Longest-Serving IDF Chief Rabbi Gad Navon Dies at 86

Former IDF Chief Rabbi Brig.-Gen. (Ret.) Rabbi Gad Navon passed away Sunday at the age of 86. His funeral took place Monday afternoon at Jerusalem’s Mt. Herzl military cemetery.

Ezra HaLevi, | updated: 15:34


Rabbi Navon, the longest-serving IDF Chief Rabbi, was born in Morocco in 1920 and received his rabbinic ordination there before making Aliyah (immigrating to Israel) in 1948. He served as a combat soldier in the Negev region for the Palmach Brigade and was appointed Religious Officer of the brigade.

In 1950, he was appointed Religious Officer over the entire southern region, and by the 1960s, he had reached the rank of Lt.-Col. and become the rabbi of the Northern Command.

Rabbi Navon also served on the IDF Court of Jewish Law under the authority of the late IDF Chief Rabbi Shlomo Goren.

In 1971, with the retirement of Rabbi Goren and his election to the position of Chief Rabbi of Israel, Rabbi Navon was elevated to the position of Colonel and served as Deputy Chief Rabbi of the IDF under Chief Rabbi Mordechai Peron. He was elevated another rank to Brig.-Gen. after the 1973 Yom Kippur War, and in 1977 he was appointed Chief Rabbi of the IDF – a position he retained for the next 24 years.

Following Navon's retirement, Rabbi Yisrael Weiss assumed the position of top IDF rabbinic authority.

Rabbi Navon was the longest-serving chief rabbi of the IDF and his military career lasted 52 years in all.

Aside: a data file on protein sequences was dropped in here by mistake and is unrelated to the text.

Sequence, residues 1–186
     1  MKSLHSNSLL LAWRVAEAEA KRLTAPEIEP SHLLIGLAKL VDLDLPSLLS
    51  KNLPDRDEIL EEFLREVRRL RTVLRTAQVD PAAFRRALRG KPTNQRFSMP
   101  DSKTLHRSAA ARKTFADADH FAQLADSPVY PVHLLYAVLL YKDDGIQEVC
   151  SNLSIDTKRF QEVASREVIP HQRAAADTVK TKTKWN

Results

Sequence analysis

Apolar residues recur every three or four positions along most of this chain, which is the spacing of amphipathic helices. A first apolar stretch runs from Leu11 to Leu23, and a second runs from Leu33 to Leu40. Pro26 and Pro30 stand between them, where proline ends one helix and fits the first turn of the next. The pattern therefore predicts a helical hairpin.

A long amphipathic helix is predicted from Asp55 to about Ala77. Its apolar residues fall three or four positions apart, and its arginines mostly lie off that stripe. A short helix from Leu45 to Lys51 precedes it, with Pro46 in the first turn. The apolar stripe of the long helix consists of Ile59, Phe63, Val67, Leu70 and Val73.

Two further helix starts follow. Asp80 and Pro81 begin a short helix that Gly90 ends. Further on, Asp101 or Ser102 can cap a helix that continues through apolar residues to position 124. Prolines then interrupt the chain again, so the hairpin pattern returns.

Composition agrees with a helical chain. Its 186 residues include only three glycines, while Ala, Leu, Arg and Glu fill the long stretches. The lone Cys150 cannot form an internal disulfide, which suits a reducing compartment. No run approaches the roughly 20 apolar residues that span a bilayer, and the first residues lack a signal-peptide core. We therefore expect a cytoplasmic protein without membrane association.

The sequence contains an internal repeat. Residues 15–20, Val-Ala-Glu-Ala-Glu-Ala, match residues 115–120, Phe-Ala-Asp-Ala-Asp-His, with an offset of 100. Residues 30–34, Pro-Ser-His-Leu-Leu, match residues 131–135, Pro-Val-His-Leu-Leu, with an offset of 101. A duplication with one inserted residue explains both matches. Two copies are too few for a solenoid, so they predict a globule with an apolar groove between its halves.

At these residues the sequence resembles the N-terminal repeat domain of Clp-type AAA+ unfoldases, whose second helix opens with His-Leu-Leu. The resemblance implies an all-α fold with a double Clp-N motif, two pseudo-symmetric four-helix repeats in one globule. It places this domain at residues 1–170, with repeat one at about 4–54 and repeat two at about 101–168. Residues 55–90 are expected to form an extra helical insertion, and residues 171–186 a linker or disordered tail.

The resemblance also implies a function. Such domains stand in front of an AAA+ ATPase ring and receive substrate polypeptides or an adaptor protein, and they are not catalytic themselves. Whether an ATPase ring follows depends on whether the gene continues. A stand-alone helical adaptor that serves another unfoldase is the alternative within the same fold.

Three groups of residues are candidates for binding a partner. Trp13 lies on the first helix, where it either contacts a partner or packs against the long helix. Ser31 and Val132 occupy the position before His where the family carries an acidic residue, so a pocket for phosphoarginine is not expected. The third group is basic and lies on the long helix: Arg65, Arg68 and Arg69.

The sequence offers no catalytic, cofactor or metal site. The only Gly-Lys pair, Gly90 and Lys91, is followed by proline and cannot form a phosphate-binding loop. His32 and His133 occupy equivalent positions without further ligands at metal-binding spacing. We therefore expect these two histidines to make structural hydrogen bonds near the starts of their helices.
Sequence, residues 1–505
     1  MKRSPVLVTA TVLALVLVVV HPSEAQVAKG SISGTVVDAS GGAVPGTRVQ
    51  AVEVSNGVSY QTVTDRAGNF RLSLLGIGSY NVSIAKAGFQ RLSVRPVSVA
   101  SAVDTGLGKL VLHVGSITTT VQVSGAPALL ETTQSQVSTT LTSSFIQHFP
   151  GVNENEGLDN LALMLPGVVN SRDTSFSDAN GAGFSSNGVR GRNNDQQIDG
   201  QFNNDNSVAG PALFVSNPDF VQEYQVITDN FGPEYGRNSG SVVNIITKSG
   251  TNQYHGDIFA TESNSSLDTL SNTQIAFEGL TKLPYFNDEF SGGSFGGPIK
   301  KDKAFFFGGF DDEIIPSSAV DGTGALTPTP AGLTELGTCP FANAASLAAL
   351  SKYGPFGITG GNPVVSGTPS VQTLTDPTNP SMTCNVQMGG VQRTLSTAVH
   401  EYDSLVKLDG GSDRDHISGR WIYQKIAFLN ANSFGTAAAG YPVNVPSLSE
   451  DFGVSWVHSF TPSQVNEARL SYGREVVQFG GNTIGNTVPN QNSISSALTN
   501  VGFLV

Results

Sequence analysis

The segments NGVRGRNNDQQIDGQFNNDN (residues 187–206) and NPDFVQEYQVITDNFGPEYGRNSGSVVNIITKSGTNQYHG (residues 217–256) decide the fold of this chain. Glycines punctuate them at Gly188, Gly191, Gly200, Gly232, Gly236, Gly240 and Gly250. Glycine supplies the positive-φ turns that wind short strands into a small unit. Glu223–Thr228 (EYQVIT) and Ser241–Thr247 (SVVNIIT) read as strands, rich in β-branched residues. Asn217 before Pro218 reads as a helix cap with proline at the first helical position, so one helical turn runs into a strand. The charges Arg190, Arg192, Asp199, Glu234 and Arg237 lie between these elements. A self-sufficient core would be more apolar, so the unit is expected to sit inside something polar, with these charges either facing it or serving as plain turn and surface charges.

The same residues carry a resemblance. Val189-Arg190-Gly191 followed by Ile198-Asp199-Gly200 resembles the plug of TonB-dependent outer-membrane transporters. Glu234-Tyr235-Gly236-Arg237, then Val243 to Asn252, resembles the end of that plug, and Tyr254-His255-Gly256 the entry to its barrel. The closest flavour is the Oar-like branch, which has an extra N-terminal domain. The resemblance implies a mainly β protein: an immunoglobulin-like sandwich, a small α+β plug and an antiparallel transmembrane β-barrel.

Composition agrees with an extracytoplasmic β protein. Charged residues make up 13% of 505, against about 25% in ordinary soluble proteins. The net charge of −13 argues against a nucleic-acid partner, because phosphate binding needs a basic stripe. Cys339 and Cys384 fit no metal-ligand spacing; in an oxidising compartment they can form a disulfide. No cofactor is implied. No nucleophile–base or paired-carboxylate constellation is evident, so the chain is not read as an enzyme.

One Jewish legal decision for which Rabbi Navon was known included the move to declare IDF soldiers missing in action in the 1982 battle of Sultan Yakoub as dead.

In another publicized episode, Rabbi Navon prevented many full-of-food IDF warehouses from becoming non-kosher following an Israeli decision to send planeloads of food to famine-plagued Ethiopia during the week of Passover. The original list of supplies included "crackers, cookies, and biscuits" - food that had been sold to a non-Jew for the week of the holiday, when Jews are not allowed to own such products. Opening the warehouses would void the sale, Rabbi Navon ruled, rendering the chametz forbidden for consumption even after the holiday - and the warehouses stayed closed.

Rabbi Navon made sure to emphasize that this was not a life-threatening situation, since Kosher for Passover foodstuffs could just as easily be sent to Ethiopia. Then-Chief of Staff Sha'ul Mofaz decided, however, in a surprising and unprecedented move, to override Rabbi Navon, and ordered the chametz flown to Ethiopia. Rabbi Navon, unfazed, relayed the following message to Mofaz: "The moment that one of the warehouses that were sold to a non-Jew is opened, all the food in all the army's warehouses will be forbidden for consumption even after Passover. Do as you please." Mofaz backed down, and several tons of matzot, Pesach cookies, meat, and vegetables were sent instead to the starving Ethiopians.

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